Many different elements of passive solar design work together. Passive solar design harnesses and utilizes the heat energy of the sun. The building is designed and constructed in a way that allows it to capture or absorb the sun’s heat energy within the building when it is desired to be warm.
The materials that are chosen and used in a passive solar building should be chosen for the object’s inherent ability to conduct and radiate heat. Many passive solar houses also use natural convective movements within the air or water to better control the flow of heat. As such, it is important to understand how heat moves.
Heat is in constant motion.
Heat moves to constantly try to reach equilibrium and will constantly move from warm to colder areas. When the door is opened to a cold winter evening, heat will move out of the house while the cold sweeps in. Similarly, when reaching for the ice cream and the freezer door is open, heat moves in, as cold air rushes out. In regard to both the building and the freezer, the presence of insulation functions to keep areas warm or cool areas stable. In buildings, it is desired to live within a constant, comfortable temperature, regardless of the temperature outside of the building.
The economical solution to a warmer house in the winter and a cooler house in the summer is to insulate it well, and have a basic understanding of the movement of heat.
Heat moves from warmer to colder areas through these main types of movement.
Conduction – Conduction is the movement of heat as it travels through solid objects. Heat energy travels as it is transferred from molecule to molecule. The more dense an object, the faster heat moves. Conduction is illustrated in the process that takes place when heat travels from an electrical burner, through a pan, to heat the water inside of the pan.
In passive solar design, heat is absorbed in the building’s thermal mass. The object with thermal mass is usually a dense material like a cement, tile, stone or water. Objects with this ability to conduct heat are usually located in the floor or walls of the building. In the winter, the sun’s is heat energy is absorbed, then spreads through the thermal mass by conduction.
Convection – Convection is the movement of heat circulating through an air (gas) or liquid. Warm molecules rise. Convection is illustrated within a building as warm air rises, the second story of the building will often be warmer than the basement, located at the bottom of a building. Likewise, in a liquid, warmer water will circulate toward the surface. Some passive solar buildings use strategically placed windows or fans to circulate warm and cool currents of air throughout the house.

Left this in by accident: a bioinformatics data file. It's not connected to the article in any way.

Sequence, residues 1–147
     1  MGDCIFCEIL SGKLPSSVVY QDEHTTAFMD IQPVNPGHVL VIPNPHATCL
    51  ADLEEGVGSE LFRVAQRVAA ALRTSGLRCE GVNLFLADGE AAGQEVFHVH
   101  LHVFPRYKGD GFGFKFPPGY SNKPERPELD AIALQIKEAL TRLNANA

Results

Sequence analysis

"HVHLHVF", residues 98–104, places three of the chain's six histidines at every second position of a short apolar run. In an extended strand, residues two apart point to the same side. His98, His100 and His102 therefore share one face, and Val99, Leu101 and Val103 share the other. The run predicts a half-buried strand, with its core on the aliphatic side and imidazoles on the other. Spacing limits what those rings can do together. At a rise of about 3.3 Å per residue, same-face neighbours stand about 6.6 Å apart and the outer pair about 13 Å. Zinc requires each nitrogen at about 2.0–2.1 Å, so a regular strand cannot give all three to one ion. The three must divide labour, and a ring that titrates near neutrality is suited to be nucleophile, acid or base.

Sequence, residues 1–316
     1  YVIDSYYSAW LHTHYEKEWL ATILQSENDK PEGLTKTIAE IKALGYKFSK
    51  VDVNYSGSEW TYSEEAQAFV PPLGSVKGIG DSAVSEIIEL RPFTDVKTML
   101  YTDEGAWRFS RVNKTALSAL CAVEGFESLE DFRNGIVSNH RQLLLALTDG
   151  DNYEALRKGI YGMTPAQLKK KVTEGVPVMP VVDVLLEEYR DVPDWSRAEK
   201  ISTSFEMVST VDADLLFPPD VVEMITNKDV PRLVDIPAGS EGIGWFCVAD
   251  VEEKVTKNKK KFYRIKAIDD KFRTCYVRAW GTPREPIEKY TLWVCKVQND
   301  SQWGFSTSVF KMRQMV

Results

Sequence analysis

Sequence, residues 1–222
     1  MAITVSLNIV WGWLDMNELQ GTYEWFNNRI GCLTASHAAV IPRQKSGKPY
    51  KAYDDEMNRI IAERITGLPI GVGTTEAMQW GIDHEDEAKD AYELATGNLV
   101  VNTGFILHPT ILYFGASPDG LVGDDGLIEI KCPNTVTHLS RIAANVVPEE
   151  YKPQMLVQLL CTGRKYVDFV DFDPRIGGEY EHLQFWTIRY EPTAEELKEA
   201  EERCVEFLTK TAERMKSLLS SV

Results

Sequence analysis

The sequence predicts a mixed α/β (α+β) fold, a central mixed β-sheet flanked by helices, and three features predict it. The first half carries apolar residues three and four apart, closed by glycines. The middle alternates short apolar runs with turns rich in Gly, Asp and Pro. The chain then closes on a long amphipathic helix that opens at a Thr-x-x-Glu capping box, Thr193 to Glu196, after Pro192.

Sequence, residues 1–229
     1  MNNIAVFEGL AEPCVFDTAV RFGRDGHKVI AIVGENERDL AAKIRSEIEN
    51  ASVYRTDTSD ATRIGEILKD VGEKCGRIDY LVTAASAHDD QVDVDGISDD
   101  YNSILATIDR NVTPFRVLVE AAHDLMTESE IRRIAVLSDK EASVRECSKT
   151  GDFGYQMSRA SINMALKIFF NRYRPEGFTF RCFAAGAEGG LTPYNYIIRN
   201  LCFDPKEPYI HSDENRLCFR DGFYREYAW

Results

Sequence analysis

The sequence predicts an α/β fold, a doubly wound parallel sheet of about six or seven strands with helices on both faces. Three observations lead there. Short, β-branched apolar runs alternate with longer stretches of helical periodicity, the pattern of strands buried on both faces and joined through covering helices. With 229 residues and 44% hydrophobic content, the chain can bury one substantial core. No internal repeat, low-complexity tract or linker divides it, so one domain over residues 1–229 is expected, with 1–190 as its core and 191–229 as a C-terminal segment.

Radiation – The sun’s radiant heat energy moves through space as an electromagnetic wave. When it strikes a large object like the Earth, the radiant heat is absorbed in the mass of the large object. Although the space that radiant heat travels through can be quite cold, the heat is not absorbed until it hits a dense object. A microwave operates on a similar principle: The contents in the middle of the microwave absorbs the radiant heat and gets hot, while the surrounding air in an of itself does not. When something in the microwave is hot, the heat is coming from the heated object, not from the air.
After the heat is absorbed, with will release the heat energy back into the surrounding environment. Food that has been heated in the microwave is radiating the heat that it previously absorbed. The cement floor that has been hit by sunlight all day will radiate the heat that it absorbed. The difference between the food and the cement floor is the density of the materials. The food with quickly get cold, while the floor, because of its mass and density, will continue to release its stored heat for hours. Passive solar design relies on the use of materials with thermal mass within the building that can radiate heat. It also relies on materials that allow the heat energy to be absorbed.
Glass is a material that allows the radiant heat energy to enter the house and be stored in a dense object with thermal mass. In the picture to the right, the sun room has a concrete floor (thermal mass) that absorbs the heat energy from the sun. The sun room is recessed into the house and has openings that allow the heat to radiate to other parts of the house.
In the winter, warmth is generally desired. When materials with thermal mass are well placed so that the sun’s energy and heat can shine on them, they will absorb the sun’s heat and act much like a large rechargeable (heat) battery. The heat stored up through the day is released into the building to warm it through the evening and night.
Because of the planned placement and design of the building to its surrounding environmental elements, a well designed passive solar house will be warm in the winter and cool in the summer. If a house, regardless of its aesthetic design, is not well insulated and allows heat to escape through various cracks in walls, windows, doors, or other vents, the house will reach an equilibrium with the temperature that exists outside of the house much more quickly.